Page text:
Guest blog: Building the right product with simulation

Ian RiskIn the second of a series of articles on the value of simulation, Ian Risk, Chief Technology Officer at the Centre for Modelling & Simulation, explores the benefits of using technology early in the design process and examines the issue of trust in digital engineering to deliver the right product.

Studies by the Ford Motor Company have shown that as much as 70 per cent of the lifecycle costs of a product become locked in during its conceptual design.

A detailed understanding of the product as early as possible in the design stage is, therefore, time well spent and critical in managing through-life expenditure, improving quality and product performance by effectively minimising risk.

Digital simulation and modelling of new products provides manufacturers with far deeper insight into the way in which a design will operate in real life, without the major financial and time investments in physical prototypes and test programmes.

The Boeing TX was devloped in just three years with the programme coming in 50 per cent under budget (Credit: Secretary of the Air Force Public Affairs)

As technology has evolved over recent years, adoption of digital design solutions by industries from aerospace and automotive to energy and infrastructure has increased dramatically. For example, in the development of the next generation US military trainer aircraft, digital modelling and simulation has been established at the core of the programme, leading to savings of up to 30 per cent and a 75 per cent increase in first-time quality, according to industry reports. What’s more, the aircraft was developed in just three years, compared to a previous ten-year timeline.

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While certification bodies rightly demand evidence through physical testing, the scale of these benefits suggests that an increased use of digital technology can help minimise this if the industry can overcome barriers of trust, confidence and cost.

Managing multiple objectives

One area where confidence in modelling and simulation is growing is in its ability to manage and balance the competing needs of the many stakeholders involved in the development of a new product.

Typically, it is unlikely that the objectives of these stakeholders will seamlessly align. More often than not, they don’t. How do you make a car cheaper while maintaining the highest safety standards? Or how can an aircraft carry more load while reducing emissions?

Making the best design decision requires multi-objective optimisation, where each element may compete with others meaning a perfect optimum may not be achieved for each requirement. Instead, a series of optima may be the outcome.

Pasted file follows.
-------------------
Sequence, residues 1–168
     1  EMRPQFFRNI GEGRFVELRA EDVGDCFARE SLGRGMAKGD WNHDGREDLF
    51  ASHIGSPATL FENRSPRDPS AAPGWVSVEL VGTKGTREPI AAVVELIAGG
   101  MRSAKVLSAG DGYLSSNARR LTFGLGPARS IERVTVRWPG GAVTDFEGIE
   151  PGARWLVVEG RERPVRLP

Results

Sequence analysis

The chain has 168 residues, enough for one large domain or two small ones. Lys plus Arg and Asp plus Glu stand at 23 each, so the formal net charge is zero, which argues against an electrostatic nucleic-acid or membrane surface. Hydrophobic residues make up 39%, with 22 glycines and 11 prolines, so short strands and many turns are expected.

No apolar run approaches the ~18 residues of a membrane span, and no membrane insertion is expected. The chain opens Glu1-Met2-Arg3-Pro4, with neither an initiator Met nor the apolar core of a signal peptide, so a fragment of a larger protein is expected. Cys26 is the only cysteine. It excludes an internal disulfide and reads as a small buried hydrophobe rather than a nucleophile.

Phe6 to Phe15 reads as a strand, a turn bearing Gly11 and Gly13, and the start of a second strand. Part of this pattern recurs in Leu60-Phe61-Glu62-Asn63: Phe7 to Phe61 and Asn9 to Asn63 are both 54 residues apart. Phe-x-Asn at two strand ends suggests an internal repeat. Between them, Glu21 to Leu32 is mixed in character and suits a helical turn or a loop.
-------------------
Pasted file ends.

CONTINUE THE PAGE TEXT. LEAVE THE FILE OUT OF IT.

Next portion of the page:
To realise the benefit of this approach, design needs to be model-based, where the requirements and function of each element or system within the product are represented in a simple mathematical form and then put together in a manner that builds a ‘system of systems’, i.e. the product.

The role of the engineer is to analyse the results and understand which combination of systems can achieve the best overall outcome. This helps to remove the danger of the solution being predetermined by the experience of an individual and it eliminates the, sometimes, subjective nature of stakeholder requirements.

By automating this process and using a high-performance computer to explore every path or option, the engineer is rapidly provided with a far richer landscape of knowledge, with quantitative rather than qualitative assessments, thereby presenting more robust evidence for a design decision.

This multi-objective process uses technology to raise awareness of what is possible at an early stage, illustrating how to refine the definition of a product before committing large scale resources into detailed design. Such advances are vital in overcoming the financial barriers of new product development where there is limited tangible experience.

Simulation hurdles

While the long-term cost and time savings of simulation are clear, the reality is that accurate simulation is not cheap. Access to computational facilities and specialist software licences can be exceedingly expensive with many smaller companies simply unable to afford them.

However, things are changing.

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Cloud computing has allowed modelling-as-a-service to flourish (Credit: Sigmund via Unsplash)

The advent of cloud computing means that, theoretically, SMEs can now access the high-end computational platforms needed for modelling-as-a-service, removing the need for long term investment. In terms of software, open-source tools are now emerging that can eliminate licencing costs but their efficacy within industry and the regulatory community is less accepted.